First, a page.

Reject arguments of clergy, advocates argue in amicus brief filed in high court ahead of grand jury report

Ivey DeJesus | August 8, 2018

“‘Parents deserve to know who is endangering their children and how. Pennsylvanians only know about the child sex abuse in the Philadelphia and Johnstown/Altoona dioceses, at Penn State, and at the Solebury School, because prosecutors took the lead and issued grand jury reports detailing the dangers that children had suffered,” said Marci Hamilton, CEO and a director of CHILD USA.

Hovland: Iowa’s laws on child sexual abuse, endangerment need to change

Barbara Hovland | August 10, 2018

A bright light needs to be shed on child sexual abuse/endangerment laws in Iowa, mainly plea deals and how they are handed out so freely.

Backing civil statute of limitations reform would be the best way bishops could help child sexual abuse victims 

B. Shahan | August 10, 2018

Bishop Ronald W. Gainer of the Roman Catholic Diocese of Harrisburg held a press conference Wednesday to apologize for the sexual abuse of children by priests and others in the church over decades. The Harrisburg diocese also released a list of 71 clergy members and seminarians alleged to have sexually abused children since 1947.  LNP reported Friday that the list included the late Monsignor Francis Joseph Taylor, who served as Lancaster Catholic High School’s principal from 1958 to 1975, and the late Rev. Thomas Ronald Haney, who was the assistant to the principal at LCHS from 1961 to 1964 and directed the school’s athletic program. According to LNP records, Haney previously had served three years as assistant pastor at St. Anne Catholic Church in Lancaster; later in his life, he was known to many local Catholics as the executive editor of The Catholic Witness, the diocesan newspaper, and as a spokesman for the diocese.

Clergy abuse case reflects simmering scrutiny of Pa. Grand Jury System

Angela Couloumbis | August 5, 2018

Mr. Greenleaf…chairs the Judiciary Committee. That panel in the last session gutted a bill that would have enabled a flood of new lawsuits by past victims against their abusers or the institutions that supervised them.

Marci Hamilton, a prominent advocate for abuse victims said “she fears Mr. Greenleaf’s bill, combined with prior attempts to kill statute of limitations reform, is evidence that legislators have been ‘carrying the water for the bishops.”

Are your kids in good hands? How to spot sexual abuse, prevent predators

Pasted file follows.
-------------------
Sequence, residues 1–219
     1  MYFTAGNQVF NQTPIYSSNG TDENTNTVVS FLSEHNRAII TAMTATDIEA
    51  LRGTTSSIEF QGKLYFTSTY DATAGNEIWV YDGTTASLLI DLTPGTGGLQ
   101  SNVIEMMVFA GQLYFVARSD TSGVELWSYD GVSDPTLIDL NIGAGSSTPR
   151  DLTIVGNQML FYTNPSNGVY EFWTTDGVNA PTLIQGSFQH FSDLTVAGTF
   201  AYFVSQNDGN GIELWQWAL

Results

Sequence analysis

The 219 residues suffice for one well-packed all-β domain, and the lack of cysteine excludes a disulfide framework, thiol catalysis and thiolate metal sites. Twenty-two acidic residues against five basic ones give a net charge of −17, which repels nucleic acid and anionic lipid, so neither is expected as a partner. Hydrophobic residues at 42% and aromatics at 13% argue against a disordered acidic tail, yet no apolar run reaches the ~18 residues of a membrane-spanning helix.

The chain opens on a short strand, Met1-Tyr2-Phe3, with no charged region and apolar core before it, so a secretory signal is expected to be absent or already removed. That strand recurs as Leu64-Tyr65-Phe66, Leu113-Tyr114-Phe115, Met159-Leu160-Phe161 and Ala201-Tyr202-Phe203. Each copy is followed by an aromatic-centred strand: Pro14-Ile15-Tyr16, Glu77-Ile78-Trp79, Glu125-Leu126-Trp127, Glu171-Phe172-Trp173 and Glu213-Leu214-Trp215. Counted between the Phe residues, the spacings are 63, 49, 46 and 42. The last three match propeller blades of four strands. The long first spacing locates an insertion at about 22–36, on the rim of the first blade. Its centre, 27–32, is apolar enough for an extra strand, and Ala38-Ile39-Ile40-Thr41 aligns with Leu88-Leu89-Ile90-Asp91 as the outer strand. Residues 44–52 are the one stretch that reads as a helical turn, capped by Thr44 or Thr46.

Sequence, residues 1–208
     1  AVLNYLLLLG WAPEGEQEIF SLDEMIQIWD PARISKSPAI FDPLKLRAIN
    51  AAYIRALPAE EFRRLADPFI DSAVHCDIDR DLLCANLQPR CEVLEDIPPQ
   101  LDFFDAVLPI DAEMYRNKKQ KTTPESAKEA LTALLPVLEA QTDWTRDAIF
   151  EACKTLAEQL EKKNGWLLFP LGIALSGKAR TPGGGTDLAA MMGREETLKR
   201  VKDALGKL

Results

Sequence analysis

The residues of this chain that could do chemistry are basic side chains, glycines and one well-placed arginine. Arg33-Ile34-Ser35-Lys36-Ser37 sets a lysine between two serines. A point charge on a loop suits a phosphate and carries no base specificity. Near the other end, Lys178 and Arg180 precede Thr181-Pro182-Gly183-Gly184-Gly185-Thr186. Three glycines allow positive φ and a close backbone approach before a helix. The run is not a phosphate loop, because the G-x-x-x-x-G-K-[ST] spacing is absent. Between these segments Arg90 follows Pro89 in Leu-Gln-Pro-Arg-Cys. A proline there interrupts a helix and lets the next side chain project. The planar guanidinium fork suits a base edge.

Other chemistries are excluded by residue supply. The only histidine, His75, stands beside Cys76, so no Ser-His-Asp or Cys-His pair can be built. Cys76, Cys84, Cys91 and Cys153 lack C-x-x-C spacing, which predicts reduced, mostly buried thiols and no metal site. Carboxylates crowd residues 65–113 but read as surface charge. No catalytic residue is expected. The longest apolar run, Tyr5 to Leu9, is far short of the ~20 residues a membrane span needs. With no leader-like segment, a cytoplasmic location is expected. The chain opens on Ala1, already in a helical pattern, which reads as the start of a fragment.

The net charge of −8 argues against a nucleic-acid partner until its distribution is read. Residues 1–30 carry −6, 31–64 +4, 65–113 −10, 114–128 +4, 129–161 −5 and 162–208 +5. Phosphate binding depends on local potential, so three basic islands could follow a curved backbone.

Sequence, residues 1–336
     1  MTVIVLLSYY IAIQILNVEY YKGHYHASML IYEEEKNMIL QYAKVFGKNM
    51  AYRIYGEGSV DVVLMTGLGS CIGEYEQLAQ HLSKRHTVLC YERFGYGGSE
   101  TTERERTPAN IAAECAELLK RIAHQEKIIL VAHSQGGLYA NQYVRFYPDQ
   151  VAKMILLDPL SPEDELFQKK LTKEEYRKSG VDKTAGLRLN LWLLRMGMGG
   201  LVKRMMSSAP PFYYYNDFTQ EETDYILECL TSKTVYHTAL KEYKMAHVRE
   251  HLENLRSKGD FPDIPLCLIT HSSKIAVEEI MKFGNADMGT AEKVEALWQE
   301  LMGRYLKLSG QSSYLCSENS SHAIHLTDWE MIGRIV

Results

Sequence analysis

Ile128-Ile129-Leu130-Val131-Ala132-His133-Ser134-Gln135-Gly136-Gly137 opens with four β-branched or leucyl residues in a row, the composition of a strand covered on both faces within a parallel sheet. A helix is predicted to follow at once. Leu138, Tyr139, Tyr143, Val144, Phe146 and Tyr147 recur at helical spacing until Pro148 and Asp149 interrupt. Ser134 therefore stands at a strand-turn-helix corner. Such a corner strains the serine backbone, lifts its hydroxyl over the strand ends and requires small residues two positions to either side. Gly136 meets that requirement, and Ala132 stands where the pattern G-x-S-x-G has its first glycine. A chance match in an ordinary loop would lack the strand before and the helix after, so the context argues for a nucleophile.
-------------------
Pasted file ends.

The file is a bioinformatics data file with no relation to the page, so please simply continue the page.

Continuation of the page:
Isabel Keane | August 3, 2018

The sexual abuse charges faced by 67-year-old Rockland County gymnastics coach Joseph Lewin involving the underage girls he coached has many parents and guardians asking themselves: how can this be prevented?

They say it takes a village to raise a child. Parents give their trust to an array of adults who come in contact with their children on a daily basis, from coaches to adult volunteers, tutors, staff members and even teammates.

So how do parents know their kids are safe?

SafeSport, the USOC’s Attempt to Stop Child Abuse, is Set Up to Fail – Just like it Was Supposed to

Diana Moskovitz | July 24, 2018

Even if it was perfectly engineered, SafeSport would have difficulty achieving its aims, and it is far from perfectly engineered. Records, interviews, and an examination of the relevant history show that while basic groundwork has yet to be laid to protect athletes from abuse, SafeSport has already been deployed to make any parents’ concerns just go away.

When a Parent’s Beliefs About Medicine Become Child Abuse

Shawn Radcliffe | July 19, 2018

An Oregon couple who believed in faith healing were sentenced to six years in prison earlier this month for criminal charges related to the death of their newborn daughter, Ginnifer, last year.

State law determines whether denying a child medical care because of religious reasons is legally considered neglect, sometimes known as medical neglect.

Children’s Rights Softly Emerge in the Midst of the Trump Administration’s Heartless Separation of Children from their Parents at the Border

Marci A. Hamilton | July 19, 2018